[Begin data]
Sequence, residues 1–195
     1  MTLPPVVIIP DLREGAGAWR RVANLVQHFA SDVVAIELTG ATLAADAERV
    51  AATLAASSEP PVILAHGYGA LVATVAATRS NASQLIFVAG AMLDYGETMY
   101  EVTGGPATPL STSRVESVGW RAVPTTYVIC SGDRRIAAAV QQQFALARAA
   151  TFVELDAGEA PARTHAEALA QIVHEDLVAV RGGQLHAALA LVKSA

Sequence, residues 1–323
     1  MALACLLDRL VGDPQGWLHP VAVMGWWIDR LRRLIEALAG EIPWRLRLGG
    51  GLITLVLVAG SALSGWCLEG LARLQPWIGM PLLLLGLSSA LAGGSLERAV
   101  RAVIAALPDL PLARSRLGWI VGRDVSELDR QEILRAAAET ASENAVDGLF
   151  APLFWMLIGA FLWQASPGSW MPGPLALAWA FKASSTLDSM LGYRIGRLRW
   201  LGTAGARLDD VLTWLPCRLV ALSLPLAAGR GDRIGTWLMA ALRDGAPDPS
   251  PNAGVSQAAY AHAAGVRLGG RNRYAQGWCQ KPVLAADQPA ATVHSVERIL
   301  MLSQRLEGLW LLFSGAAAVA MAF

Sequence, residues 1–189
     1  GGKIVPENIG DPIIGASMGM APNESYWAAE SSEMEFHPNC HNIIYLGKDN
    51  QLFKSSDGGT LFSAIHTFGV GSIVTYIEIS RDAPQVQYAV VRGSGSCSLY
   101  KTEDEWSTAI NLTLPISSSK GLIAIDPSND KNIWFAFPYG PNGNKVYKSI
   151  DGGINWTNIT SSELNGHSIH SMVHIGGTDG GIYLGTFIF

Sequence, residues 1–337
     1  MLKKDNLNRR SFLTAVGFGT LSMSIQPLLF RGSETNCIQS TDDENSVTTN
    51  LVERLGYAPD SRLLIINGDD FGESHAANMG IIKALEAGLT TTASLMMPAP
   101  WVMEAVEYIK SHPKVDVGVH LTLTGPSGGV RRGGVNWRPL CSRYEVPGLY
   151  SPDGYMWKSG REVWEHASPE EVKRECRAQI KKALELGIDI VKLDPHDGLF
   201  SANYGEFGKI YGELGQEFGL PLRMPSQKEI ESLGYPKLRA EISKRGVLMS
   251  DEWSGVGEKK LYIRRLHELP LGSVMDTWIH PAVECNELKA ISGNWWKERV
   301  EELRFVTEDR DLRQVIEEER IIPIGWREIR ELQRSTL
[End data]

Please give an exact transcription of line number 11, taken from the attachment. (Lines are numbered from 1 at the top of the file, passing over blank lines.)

   201  LGTAGARLDD VLTWLPCRLV ALSLPLAAGR GDRIGTWLMA ALRDGAPDPS